To follow up on my recent post, we must not settle for just people getting involved. Getting people involved is pointless if society as a whole doesn’t benefit. That being said, getting people involved is only half the battle. After people get involved they must be able to make adequate decisions that satisfy the greater good. According to the piece, much of the institutional and professional hesitation comes with the fear citizens won’t make thoughtful decisions. When this fear reaches an emotional level it blocks thoughtful decision making and this makes interpreting the common good as a skewed interpretation. To be involved politically one must be able to look past facts and exercise sound judgements on issues that are morally concerning. Looking from a political standpoint one is constantly at crossroads in deciding between what is right and what is wrong, or what is right and what is easy. We cant educate this concept because it comes from within our moral make-up. This is why its difficult to use facts in politics because we have to take into consideration of what people hold dear. This chapter elaborates on the idea that our best judgement will override facts and theory’s. It is a tenacious process that involves balancing trade-offs, demands, and competing incentives. Civil order shows that just because people value something, doesn’t mean they value it for the same reason or degree. We must never forget that as citizens we have our right to an opinion, and regardless on the viewpoint of that opinion we must remember that we are entitled to political efficacy. Political efficacy is the idea that our voice matters in the political spotlight. The moment we lose our opinion, or resort other sources to generate a notion instead of making one for ourselves is also the moment where we lose our identity as people with political efficacy.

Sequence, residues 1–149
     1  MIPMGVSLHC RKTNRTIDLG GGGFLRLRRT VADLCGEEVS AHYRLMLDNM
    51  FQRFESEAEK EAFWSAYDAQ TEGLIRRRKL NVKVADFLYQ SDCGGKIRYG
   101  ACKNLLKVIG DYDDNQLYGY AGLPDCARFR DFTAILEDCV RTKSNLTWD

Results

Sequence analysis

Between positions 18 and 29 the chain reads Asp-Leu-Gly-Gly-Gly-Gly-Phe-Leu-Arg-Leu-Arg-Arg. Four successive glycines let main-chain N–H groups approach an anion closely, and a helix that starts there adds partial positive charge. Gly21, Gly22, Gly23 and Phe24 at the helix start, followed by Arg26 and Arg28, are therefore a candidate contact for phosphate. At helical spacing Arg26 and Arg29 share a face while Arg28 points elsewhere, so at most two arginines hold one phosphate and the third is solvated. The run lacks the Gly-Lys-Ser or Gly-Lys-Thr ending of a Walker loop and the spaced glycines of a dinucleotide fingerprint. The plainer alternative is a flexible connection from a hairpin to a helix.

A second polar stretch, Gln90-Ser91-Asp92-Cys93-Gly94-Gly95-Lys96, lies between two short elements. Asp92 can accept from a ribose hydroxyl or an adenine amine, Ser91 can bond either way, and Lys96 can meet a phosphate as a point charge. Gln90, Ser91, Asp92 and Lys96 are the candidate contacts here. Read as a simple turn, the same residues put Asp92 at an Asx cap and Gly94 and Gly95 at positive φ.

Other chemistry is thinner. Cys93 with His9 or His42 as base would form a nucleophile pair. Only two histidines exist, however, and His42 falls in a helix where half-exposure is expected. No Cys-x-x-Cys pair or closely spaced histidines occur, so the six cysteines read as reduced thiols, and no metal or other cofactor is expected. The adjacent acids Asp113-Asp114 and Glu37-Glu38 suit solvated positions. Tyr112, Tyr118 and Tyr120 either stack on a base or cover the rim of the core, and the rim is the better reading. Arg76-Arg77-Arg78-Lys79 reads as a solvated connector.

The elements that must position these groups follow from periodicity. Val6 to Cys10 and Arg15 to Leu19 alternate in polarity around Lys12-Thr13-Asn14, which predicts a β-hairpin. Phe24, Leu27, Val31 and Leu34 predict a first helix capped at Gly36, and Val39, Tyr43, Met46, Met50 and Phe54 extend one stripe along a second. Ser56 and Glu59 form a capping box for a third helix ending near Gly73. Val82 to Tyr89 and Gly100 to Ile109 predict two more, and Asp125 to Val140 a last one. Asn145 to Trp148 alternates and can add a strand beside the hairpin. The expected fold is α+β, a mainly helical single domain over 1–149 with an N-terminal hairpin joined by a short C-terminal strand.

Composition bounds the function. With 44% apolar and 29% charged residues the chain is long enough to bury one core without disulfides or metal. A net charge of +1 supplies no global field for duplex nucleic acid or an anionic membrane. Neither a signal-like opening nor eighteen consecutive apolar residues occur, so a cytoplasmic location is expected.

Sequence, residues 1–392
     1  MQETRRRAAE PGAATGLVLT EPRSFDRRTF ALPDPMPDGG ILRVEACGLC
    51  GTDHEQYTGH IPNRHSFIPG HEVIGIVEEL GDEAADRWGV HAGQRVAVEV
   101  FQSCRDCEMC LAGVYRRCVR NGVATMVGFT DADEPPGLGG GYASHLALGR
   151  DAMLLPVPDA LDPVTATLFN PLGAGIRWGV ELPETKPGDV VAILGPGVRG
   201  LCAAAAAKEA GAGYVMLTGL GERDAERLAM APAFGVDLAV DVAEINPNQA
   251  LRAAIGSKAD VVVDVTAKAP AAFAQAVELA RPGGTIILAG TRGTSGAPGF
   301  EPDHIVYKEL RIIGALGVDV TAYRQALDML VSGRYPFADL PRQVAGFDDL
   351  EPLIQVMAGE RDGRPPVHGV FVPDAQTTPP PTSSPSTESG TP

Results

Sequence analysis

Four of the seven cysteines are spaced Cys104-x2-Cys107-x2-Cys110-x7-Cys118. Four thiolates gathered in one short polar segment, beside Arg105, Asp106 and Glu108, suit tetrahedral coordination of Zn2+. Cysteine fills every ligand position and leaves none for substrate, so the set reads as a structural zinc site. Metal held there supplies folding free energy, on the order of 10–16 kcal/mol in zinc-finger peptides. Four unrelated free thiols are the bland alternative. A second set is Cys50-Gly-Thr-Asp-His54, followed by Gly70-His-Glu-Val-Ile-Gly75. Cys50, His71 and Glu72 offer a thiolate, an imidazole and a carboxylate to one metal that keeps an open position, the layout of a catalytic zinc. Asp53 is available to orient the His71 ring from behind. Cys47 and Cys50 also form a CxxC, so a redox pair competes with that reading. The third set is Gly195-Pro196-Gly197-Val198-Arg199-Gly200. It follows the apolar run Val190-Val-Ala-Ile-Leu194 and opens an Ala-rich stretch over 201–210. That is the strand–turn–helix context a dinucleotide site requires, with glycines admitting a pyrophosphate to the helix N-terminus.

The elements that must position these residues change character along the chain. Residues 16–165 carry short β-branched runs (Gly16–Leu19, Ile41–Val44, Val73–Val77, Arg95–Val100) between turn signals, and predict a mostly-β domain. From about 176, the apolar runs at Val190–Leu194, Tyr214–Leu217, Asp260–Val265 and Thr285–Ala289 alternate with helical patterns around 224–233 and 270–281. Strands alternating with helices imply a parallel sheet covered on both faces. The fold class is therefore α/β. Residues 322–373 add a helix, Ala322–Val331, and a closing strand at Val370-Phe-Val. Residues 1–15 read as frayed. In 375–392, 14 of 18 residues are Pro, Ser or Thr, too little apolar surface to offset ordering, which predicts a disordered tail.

Ryan Jarrah

UM Ahmed's picture

When I think of supercharged people, the Black Lives Matter movement always come to mind. The amount of motivation and drive this movement is powered by is the reason it has angered so many people. The fact that this is possible, the fact that someone can be afraid of such a strong unit of broken, hurt, and scared people is amazing to me. The amount of things that united people can do in times of desperation are empowering in and of itself. In the article it emphasizes the idea that people seem to be motivated and involved in things that have a personal effect to them. To many people, the election or our president doesn't seem to have a direct effect on them and this is where the problem begins. Many people feel as though their opinion or vote does not matter because they think about it on a large scale. For example, one small seedling doesn't seem to important in comparison to a tree. But without that individual seedling there would never be a tree. This notion of someone's voice or vote not mattering is what effect this election. Further on in the chapter, in the section "What's in a Name?" this idea of people not having an interest in politics is touch on. Aside from people feeling like their vote doesn't matter, many people feel like things are already bad so what difference does it make who we elect for our next president. Another thing I find myself thinking about constantly is why do can't we all use this motivation we have for something and actually put into action. If we all took into account the beliefs and feelings of others, took our God-given motivation in whatever it is we are passionate about and actually put forth some effort in bettering our communities we would be in a much better society. If everyone did their small parts, the overall outcome would be overwhelming. 

UM Boyd's picture